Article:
A police chief has said it is time to take a "hard look" at the issue of teenage binge drinking which has reached "epidemic proportions".
ACPO: 50% of teenage drinkers are getting alcohol from family
Ken Jones, President of the Association of Chief Police Officers, says data suggests that 50% of young drinkers are obtaining alcohol from their parents.
He also criticised shops on "struggling estates" for selling cheap alcohol.
The Liberal Democrats say there has been a 37% increase in hospital admissions of children since 2001.
Speaking to the BBC, Mr Jones condemned the drinks industry for targeting young people.
"We need to take a hard look at this and whether we should be really looking to make profits on the back of this sort of misery."
His comments follow the conviction of three teenagers for the murder of Garry Newlove.
Adam Swellings, 19, Stephen Sorton, 17, and Jordan Cunliffe, 16, were convicted at Chester Crown Court and jailed for life for murdering Mr Newlove.
Mr Justice Andrew Smith described the actions of the three as "drunken aggression" that was "part of the night's entertainment".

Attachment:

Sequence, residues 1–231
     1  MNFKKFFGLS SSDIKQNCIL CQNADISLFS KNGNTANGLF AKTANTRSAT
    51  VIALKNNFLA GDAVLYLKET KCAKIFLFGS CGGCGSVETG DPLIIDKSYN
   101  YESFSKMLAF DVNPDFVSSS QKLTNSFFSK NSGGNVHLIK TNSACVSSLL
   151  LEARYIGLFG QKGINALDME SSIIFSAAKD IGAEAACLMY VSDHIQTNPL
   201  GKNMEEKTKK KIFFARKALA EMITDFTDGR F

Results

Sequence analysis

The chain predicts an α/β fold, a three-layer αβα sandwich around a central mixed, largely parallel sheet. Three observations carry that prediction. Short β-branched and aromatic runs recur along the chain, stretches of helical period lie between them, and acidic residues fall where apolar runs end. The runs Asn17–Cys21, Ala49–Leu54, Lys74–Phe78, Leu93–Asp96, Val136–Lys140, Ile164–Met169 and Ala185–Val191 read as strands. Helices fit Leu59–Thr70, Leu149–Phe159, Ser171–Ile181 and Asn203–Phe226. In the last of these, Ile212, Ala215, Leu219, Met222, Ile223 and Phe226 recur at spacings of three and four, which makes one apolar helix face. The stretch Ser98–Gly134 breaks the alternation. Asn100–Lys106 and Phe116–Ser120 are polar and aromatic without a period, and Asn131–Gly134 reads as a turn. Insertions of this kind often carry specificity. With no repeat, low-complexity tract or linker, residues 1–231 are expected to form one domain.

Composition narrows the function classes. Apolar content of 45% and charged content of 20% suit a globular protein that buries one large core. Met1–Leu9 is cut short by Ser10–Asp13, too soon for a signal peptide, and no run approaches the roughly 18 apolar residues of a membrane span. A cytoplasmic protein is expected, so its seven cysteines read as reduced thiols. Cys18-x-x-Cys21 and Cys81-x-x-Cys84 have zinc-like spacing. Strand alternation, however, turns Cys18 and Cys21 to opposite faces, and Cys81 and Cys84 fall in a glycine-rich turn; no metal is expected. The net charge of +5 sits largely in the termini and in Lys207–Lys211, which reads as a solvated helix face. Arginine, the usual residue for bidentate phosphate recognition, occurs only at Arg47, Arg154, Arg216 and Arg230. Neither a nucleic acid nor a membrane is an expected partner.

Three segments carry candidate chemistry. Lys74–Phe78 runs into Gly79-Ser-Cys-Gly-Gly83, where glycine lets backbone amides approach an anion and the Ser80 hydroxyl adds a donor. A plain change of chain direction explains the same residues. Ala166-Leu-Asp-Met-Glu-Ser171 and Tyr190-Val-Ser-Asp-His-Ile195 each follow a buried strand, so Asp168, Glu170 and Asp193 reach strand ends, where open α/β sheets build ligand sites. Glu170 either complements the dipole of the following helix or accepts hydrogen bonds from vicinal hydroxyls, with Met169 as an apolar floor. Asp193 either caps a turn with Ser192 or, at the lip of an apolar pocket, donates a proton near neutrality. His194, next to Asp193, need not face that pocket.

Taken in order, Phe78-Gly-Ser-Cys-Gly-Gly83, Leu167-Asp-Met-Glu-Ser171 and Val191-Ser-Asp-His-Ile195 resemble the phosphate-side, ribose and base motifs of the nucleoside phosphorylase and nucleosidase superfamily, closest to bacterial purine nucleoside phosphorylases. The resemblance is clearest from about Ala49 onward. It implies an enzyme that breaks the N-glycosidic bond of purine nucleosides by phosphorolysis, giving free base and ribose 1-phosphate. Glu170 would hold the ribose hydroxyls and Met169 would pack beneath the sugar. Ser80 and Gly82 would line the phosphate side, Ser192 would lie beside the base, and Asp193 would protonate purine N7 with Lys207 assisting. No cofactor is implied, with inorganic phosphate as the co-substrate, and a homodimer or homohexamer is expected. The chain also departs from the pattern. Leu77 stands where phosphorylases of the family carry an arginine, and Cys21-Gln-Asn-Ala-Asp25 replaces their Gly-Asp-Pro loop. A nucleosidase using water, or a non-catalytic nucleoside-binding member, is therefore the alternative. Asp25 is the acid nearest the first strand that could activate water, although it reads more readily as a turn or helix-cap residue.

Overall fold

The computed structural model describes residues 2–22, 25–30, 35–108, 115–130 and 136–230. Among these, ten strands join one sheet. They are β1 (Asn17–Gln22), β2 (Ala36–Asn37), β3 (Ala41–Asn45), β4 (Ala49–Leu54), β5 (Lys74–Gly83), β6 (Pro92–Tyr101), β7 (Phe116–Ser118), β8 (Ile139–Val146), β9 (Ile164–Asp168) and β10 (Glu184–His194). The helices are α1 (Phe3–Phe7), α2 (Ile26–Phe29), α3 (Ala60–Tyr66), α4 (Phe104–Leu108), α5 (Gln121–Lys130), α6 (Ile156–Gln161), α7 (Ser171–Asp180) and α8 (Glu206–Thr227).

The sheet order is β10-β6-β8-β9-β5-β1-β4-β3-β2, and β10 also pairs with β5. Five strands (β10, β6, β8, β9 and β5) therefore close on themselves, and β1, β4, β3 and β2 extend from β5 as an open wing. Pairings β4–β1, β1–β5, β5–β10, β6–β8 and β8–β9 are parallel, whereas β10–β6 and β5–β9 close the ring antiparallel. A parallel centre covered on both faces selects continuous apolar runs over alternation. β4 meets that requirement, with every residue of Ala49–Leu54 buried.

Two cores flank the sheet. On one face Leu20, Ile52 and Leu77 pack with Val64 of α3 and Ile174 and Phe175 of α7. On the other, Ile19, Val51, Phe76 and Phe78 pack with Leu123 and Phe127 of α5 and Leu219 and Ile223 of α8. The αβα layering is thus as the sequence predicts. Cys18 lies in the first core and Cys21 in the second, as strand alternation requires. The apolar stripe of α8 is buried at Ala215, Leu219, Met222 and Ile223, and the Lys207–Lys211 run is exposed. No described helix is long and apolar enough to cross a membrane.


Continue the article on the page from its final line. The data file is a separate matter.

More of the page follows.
Mr Jones said: "Fundamentally this is about how the kids get hold of alcohol.
"We know a good half of them are getting it from the family, so there is a message to parents."
Acpo has gathered data from the Home Office alcohol strategy about who was supplying alcohol to teenagers.
Mr Jones said: "Fifty percent, our research is showing, are getting it from other than over the counter.
"We need, all of us, to actually wake up in this country. We have got a real problem with the way alcohol is marketed, the way it is consumed."
The Liberal Democrats health spokesman, Norman Lamb, said the party had "obtained figures" on the number of children admitted to hospital after binge drinking.
In 2006-7 there were 8,072 cases, up from 5,885 in 2000-1. Mr Lamb said the rise was "shocking".
He added: "This is a dangerously escalating public health crisis with often tragic consequences."
Home Secretary Jacqui Smith has announced that the police will be given tougher powers to confiscate alcohol from under-age drinkers.
The move coincides with a campaign in 175 areas of the country to confiscate alcohol over the half-term holidays.